Time for some serious talk. Anyone will tell you that decluttering is hard work. Where do I start? How can I keep going? Why should I bother? I know this feeling but it is a battle that can be won. In this blog I hope to share some of the various ways I managed to declutter our four bed detached house in order to move to a three bed terrace.
In our previous house we had at least two whole rooms (plus a loft and two sheds) that were rammed with stuff. We moved there from a smaller house yet it didn't take long for some areas of this larger house to overflow. Added to this we had mature gardens (front, back and side due to a corner plot) that were overflowing beyond their borders.
We were keen to make our dated 1970s house modern and streamlined and slowly began the process of redecorating it a room at a time. Our design style is fairly simple and plain. We would empty the room we were working on, make good the basic structure (re plastering over Artex or damaged walls if necessary) and then paint each room white. Against this backdrop we brought back in just enough furniture and decorative items to give the room some basic style. We chose simple light fittings and blinds over curtains. We enjoyed this process and the calm spaces we created but beyond this facade of order disorder and array still loomed.
Several years ago 'decluttering' a room for me was merely a surface tidy up. Clearing the room of some of the random 'pot pourri' that silted up on top of surfaces made a room look lighter and tidier but it soon collected again. I felt like I was regularly decluterring yet getting nowhere. Probably because out of habit, boredom, mindlessness and greed I was still consuming and filling the house with stuff. Also, having been a full-time working Mum for many years there simply hadn't been time to focus on decluttering or evaluating our possessions. There were rooms (study/spare bedroom and music room/garage conversion) and cupboards where it was best just to leave the door closed.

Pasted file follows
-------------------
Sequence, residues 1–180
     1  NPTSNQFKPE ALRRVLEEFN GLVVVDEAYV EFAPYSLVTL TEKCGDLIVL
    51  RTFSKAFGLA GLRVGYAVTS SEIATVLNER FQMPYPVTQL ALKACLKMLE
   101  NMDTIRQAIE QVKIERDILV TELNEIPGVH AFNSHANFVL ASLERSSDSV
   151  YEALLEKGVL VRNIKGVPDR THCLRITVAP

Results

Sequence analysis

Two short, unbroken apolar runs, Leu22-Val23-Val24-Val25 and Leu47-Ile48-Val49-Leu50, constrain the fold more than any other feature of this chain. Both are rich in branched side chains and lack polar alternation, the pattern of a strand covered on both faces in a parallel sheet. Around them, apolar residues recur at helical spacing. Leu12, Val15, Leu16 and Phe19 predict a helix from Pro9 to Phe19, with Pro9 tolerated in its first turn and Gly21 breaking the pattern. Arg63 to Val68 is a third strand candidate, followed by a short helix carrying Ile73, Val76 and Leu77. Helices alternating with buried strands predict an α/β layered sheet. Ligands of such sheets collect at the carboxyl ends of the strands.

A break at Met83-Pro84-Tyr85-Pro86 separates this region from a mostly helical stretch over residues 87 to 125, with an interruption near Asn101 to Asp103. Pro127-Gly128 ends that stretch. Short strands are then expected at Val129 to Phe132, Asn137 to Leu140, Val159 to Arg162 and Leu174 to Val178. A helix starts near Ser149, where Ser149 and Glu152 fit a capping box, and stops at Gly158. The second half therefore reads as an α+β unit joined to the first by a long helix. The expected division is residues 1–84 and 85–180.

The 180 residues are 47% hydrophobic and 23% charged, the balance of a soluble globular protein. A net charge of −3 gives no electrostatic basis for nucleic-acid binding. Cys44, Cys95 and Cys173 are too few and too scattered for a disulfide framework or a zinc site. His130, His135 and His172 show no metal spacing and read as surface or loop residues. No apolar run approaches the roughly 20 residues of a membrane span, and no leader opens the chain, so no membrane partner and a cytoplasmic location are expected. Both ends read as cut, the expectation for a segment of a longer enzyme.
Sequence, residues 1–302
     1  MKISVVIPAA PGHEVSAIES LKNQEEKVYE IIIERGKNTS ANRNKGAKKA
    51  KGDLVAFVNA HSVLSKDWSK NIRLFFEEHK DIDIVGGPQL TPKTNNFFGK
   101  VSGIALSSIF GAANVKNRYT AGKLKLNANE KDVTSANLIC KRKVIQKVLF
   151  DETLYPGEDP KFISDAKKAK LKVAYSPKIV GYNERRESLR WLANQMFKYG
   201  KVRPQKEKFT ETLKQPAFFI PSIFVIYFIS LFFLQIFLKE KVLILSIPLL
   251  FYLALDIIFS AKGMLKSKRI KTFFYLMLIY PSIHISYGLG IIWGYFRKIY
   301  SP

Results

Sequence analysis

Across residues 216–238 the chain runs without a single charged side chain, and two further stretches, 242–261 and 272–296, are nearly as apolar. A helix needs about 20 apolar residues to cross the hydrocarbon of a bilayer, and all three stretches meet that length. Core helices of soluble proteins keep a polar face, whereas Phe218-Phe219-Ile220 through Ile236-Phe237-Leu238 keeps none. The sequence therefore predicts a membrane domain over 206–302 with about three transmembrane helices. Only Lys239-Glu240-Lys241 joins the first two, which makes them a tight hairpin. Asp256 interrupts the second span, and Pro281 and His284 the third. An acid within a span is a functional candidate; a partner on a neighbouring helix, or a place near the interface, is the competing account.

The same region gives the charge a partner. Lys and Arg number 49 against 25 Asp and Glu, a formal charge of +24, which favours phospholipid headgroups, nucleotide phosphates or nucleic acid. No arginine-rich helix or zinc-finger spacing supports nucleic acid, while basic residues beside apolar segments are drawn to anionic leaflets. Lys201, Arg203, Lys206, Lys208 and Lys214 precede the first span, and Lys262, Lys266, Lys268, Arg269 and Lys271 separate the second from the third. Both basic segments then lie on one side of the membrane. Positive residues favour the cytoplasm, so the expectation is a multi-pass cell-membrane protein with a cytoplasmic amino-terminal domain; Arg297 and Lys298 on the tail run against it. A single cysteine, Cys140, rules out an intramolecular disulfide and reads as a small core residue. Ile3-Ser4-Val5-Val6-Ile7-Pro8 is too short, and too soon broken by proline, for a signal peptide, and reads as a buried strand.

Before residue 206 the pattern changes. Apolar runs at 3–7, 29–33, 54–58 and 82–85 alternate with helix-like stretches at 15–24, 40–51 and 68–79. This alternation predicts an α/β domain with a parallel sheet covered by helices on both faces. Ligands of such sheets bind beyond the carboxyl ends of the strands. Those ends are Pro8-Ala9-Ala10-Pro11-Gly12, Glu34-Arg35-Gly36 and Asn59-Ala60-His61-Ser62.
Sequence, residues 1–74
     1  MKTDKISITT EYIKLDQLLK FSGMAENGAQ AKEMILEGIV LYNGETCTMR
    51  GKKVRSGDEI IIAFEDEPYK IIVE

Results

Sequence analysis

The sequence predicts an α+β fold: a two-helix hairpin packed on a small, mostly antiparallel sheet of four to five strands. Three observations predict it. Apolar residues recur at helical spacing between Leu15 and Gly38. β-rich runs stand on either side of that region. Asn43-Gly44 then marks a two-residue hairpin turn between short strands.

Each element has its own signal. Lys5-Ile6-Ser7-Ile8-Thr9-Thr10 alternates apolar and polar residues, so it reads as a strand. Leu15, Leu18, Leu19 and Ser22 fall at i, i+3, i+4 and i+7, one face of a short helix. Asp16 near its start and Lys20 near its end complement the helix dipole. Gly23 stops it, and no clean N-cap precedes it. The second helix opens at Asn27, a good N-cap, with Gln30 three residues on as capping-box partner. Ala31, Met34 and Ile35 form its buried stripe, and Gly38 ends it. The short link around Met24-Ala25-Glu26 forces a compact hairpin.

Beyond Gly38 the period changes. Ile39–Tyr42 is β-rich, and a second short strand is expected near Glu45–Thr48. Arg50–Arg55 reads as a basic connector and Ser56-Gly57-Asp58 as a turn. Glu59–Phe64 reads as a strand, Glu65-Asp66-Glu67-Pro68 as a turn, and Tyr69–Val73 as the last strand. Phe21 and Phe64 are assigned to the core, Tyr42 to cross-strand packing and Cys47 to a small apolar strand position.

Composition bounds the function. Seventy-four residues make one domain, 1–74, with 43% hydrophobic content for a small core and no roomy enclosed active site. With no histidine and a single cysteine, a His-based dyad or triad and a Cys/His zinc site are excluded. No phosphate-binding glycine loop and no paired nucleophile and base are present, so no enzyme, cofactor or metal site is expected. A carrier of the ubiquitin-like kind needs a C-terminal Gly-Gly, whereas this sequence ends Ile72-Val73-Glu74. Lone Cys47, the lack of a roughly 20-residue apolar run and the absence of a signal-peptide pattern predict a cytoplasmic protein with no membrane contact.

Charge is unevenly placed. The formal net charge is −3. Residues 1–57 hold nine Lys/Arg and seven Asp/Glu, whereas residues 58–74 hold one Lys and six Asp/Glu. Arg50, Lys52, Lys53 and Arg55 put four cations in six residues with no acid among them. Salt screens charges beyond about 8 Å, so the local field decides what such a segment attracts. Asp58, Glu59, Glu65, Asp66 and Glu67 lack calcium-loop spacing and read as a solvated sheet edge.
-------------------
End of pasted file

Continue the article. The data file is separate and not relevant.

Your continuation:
Once we had made the decision to move we had major amounts of declutttering to do and had to do it fairly quickly. Initially I found it hard to surrender items but donating items to charity always made me feel good. Each time I dropped off stuff at a charity shop I felt not only physically lighter but also happier because I was helping others. Also by signing up for Gift Aid I received emails informing me of how much money had been raised by my donations. I was so proud the first time I received such an email and it encouraged me to give more.
Want to declutter and feel good at the same time? Here are some tips:
1. Keep a bag or box handy and fill it gradually as you come across unwanted items. Take it to the charity shop when full or leave outside your house if there is a door to door collection.
2. If you sell at a car boot sale take your unsold items immediately to a charity shop (some are open on Sundays).
3. Support one particular charity – maybe one associated with friends or family who have been ill. You will feel 'attached' to the cause instead of attached to your old possessions.
4. Pick a charity shop that has good rear access so you don't have to pay for parking or walk too far with heavy goods.
5. Sign up to Gift Aid to increase the benefit of your donation and so that the charity can inform you of how much money has been raised from your items.
6. Instead of having a yard sale leave unwanted items outside your house with a 'Free to a good home' sign. A good time to do this is in the school holidays.
Hope giving a little makes you feel freer, lighter and happier. Let me know how you get on.